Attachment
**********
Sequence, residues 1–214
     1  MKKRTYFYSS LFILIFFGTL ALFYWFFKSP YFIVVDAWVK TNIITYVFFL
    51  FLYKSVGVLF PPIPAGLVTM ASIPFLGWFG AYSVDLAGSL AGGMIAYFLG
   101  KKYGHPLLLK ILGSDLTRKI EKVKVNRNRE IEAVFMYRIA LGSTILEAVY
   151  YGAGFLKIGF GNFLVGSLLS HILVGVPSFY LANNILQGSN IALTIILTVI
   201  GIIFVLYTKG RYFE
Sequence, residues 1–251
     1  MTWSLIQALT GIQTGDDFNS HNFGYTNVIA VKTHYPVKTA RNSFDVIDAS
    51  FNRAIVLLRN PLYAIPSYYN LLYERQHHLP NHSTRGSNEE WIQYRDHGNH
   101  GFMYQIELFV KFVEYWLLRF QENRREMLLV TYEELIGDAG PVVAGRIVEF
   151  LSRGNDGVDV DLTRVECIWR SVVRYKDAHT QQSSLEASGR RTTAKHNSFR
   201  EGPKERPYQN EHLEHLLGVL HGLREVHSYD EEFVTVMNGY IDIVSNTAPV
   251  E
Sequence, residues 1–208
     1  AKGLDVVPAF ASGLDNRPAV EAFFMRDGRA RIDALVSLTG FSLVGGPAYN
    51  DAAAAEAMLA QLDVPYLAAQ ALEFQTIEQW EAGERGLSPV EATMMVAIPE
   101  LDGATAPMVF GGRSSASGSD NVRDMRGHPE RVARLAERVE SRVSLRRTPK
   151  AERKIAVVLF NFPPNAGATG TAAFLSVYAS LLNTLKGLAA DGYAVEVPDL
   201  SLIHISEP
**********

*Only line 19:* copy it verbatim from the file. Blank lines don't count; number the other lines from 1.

   201  SLIHISEP